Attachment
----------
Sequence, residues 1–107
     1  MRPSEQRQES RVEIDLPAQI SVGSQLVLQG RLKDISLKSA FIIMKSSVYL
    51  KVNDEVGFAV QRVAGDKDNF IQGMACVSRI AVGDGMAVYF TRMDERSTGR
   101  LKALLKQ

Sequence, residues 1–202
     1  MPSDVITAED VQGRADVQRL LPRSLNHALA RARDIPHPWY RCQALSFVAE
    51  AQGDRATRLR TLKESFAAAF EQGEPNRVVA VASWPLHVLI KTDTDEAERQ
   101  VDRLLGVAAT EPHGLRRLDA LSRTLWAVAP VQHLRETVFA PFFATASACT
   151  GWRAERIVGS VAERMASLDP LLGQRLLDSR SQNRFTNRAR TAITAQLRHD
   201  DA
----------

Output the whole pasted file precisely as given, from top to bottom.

Sequence, residues 1–107
     1  MRPSEQRQES RVEIDLPAQI SVGSQLVLQG RLKDISLKSA FIIMKSSVYL
    51  KVNDEVGFAV QRVAGDKDNF IQGMACVSRI AVGDGMAVYF TRMDERSTGR
   101  LKALLKQ

Sequence, residues 1–202
     1  MPSDVITAED VQGRADVQRL LPRSLNHALA RARDIPHPWY RCQALSFVAE
    51  AQGDRATRLR TLKESFAAAF EQGEPNRVVA VASWPLHVLI KTDTDEAERQ
   101  VDRLLGVAAT EPHGLRRLDA LSRTLWAVAP VQHLRETVFA PFFATASACT
   151  GWRAERIVGS VAERMASLDP LLGQRLLDSR SQNRFTNRAR TAITAQLRHD
   201  DA